Most of the 677,842 sales were simply taken from the near future. That many older vehicles were traded in — and, as required by law, destroyed. Gayer and Parker accept as reasonable an estimate that the cost per job created by the program was $1.4 million. Although the vouchers did not come close to covering the cost of the new cars, voucher recipients seem not to have reduced their other consumption. This, say Gayer and Parker, suggests that participants in the program “were not liquidity constrained,” which is a delicate way of saying “there was no change in other consumption patterns,” which is a polite way of saying that “cash for clunkers” merely caused people to purchase vehicles “slightly earlier than otherwise would have occurred.”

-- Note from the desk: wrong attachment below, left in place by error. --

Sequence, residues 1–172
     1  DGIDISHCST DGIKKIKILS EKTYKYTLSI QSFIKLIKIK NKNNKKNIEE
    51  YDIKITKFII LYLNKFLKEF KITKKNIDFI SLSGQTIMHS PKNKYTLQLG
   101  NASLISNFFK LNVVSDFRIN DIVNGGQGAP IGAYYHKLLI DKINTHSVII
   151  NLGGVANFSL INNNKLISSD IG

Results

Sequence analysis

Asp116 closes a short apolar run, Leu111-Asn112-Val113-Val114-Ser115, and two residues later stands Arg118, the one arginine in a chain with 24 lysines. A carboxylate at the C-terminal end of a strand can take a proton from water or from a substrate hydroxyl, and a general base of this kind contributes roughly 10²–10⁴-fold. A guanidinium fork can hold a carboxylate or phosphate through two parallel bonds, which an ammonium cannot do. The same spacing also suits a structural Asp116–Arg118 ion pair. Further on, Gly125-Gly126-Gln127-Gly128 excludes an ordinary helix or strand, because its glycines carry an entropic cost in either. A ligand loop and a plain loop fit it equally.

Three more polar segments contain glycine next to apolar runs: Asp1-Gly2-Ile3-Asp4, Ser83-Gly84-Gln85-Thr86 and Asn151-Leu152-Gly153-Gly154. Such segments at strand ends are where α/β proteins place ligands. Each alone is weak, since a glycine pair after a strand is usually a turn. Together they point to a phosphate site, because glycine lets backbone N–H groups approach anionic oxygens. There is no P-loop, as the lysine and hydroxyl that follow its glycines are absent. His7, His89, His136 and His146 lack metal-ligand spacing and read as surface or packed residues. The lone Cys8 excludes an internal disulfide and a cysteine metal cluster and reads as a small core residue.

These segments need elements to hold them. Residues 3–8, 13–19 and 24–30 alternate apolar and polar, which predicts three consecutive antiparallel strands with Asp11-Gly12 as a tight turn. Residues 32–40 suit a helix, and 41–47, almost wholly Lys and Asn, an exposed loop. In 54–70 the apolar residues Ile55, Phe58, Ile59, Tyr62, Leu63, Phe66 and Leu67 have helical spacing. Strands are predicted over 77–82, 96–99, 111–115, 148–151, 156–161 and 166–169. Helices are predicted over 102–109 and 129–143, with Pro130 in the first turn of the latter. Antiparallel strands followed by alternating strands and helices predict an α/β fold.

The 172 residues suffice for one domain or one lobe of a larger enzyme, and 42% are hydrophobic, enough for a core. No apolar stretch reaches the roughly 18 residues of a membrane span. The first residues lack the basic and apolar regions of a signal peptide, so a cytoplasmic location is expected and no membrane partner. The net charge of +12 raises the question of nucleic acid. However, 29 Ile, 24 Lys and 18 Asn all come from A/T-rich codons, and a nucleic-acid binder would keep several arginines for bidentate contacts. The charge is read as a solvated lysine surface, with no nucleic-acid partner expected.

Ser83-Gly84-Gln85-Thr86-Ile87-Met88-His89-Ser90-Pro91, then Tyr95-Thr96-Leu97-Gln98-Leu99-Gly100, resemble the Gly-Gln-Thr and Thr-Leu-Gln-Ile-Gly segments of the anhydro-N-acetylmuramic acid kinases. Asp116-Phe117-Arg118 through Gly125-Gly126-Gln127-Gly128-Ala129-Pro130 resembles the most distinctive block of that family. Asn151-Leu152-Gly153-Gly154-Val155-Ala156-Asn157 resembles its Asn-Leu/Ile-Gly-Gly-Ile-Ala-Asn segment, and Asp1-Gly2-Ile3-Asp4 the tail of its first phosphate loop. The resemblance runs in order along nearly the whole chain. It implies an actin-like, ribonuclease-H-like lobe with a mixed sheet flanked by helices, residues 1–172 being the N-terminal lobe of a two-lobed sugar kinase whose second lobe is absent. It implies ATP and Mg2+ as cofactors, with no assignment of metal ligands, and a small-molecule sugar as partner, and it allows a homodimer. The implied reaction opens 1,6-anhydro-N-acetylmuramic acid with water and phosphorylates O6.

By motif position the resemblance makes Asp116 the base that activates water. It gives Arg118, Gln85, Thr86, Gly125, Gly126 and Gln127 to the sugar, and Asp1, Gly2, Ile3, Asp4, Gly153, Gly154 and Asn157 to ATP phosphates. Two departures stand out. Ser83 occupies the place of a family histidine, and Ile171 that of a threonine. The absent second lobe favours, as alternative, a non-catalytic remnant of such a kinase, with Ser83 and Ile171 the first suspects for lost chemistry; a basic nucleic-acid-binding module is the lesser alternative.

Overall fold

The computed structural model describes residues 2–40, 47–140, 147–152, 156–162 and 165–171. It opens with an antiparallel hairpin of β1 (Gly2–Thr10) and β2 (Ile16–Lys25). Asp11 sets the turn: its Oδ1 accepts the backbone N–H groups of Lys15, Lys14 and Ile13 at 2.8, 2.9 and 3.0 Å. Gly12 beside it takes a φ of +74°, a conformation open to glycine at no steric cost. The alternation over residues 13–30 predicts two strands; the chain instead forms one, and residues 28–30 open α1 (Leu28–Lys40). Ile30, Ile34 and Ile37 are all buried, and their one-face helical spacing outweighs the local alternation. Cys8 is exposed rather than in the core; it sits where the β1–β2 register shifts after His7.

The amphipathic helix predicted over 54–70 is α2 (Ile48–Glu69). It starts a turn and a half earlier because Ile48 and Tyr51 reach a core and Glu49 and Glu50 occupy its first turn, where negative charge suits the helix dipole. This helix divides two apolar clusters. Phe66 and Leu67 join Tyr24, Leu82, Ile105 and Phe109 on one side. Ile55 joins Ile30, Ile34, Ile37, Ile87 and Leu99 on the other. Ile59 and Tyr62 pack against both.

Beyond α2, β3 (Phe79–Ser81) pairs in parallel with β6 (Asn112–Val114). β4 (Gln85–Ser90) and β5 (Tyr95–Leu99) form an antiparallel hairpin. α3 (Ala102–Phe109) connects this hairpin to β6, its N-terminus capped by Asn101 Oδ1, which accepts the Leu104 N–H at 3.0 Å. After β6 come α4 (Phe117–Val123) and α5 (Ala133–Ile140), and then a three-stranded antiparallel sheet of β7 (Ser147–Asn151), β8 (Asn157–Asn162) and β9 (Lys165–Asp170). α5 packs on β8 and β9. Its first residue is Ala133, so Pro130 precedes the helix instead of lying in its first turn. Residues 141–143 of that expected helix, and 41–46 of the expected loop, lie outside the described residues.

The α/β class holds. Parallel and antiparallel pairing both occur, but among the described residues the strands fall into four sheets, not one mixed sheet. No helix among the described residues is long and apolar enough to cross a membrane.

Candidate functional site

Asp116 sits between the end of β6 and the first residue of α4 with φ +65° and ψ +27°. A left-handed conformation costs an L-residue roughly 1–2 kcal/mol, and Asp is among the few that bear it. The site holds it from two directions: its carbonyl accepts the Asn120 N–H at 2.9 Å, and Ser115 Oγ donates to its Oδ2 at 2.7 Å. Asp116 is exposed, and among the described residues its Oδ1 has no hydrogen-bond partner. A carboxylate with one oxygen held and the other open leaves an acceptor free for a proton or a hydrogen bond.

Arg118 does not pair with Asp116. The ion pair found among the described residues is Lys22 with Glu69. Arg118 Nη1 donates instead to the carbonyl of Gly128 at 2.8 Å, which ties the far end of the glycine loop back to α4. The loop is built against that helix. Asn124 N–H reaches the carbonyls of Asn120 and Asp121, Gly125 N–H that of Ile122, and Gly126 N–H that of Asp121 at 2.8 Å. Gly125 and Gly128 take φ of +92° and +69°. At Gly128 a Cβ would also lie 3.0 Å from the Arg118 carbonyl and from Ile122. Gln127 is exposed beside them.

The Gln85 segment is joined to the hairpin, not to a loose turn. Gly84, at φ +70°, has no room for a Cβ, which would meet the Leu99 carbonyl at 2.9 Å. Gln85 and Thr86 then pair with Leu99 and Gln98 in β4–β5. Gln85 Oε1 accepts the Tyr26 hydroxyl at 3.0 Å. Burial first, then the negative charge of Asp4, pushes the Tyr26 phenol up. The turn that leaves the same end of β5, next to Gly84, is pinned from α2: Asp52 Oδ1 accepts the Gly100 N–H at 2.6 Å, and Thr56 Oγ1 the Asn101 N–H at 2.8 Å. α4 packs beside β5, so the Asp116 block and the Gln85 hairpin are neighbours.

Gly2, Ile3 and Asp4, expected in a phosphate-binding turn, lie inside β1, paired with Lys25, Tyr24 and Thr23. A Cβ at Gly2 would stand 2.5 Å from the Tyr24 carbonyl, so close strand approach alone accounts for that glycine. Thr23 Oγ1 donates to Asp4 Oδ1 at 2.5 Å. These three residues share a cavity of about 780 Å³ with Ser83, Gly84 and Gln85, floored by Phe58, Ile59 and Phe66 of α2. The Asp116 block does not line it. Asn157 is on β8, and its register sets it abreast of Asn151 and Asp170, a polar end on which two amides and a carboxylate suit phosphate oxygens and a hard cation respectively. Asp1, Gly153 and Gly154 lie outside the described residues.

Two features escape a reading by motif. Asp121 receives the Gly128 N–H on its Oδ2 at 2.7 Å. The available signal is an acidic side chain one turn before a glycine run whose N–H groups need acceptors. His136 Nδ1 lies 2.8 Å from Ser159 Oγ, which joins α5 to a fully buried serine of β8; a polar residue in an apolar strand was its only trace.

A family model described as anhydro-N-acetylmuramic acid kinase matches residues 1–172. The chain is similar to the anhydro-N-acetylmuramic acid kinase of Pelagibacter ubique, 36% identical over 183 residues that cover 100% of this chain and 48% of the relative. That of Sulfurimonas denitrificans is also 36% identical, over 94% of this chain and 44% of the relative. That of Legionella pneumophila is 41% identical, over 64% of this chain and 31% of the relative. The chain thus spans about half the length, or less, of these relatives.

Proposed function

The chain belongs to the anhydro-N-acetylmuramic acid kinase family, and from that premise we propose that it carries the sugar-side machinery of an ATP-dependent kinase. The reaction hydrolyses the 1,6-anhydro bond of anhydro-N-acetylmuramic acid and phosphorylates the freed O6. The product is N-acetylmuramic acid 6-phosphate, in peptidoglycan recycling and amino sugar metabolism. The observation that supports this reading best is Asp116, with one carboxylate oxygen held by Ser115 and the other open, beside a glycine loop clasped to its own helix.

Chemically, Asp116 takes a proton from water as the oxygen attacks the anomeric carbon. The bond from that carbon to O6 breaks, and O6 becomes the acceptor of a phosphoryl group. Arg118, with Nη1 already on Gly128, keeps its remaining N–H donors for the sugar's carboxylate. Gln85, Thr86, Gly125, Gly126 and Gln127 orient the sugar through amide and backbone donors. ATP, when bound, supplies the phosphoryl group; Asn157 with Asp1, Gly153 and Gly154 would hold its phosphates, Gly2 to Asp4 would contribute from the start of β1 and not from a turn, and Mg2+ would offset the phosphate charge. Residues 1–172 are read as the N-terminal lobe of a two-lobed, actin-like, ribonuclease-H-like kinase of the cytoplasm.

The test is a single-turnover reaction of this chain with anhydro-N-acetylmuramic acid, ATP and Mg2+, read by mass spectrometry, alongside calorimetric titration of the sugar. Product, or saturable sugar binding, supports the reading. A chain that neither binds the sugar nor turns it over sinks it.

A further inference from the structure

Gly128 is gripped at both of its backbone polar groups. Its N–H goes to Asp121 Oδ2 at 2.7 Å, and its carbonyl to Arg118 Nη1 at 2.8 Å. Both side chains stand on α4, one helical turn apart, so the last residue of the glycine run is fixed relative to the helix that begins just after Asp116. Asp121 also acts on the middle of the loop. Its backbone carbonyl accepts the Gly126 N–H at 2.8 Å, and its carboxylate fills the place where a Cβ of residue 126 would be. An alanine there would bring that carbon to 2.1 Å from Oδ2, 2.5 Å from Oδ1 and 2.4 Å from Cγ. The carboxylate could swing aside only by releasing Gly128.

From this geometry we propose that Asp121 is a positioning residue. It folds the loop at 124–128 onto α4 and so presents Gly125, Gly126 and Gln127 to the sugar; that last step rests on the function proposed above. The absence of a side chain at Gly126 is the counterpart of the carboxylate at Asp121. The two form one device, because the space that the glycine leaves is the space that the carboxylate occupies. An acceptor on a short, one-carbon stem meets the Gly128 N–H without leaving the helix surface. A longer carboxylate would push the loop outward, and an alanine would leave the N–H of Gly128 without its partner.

Because the program was not means-tested, it had only a slight distributional effect of the sort progressives favor: Voucher recipients had lower incomes than others who bought new cars in 2009. Against this, however, must be weighed the fact that the mandated destruction of so many used vehicles probably caused prices for such vehicles to be higher than they otherwise would have been, meaning a redistribution of wealth adverse to low-income consumers.
As for environmental benefits from Cash for Clunkers, the reduction of gasoline consumption was small and “the cost per ton of carbon dioxide reduced by [the program] far exceeds the estimated social cost of carbon.” But it was — herewith very faint praise — more cost-effective than the subsidy for electric vehicles or the tax credit for ethanol.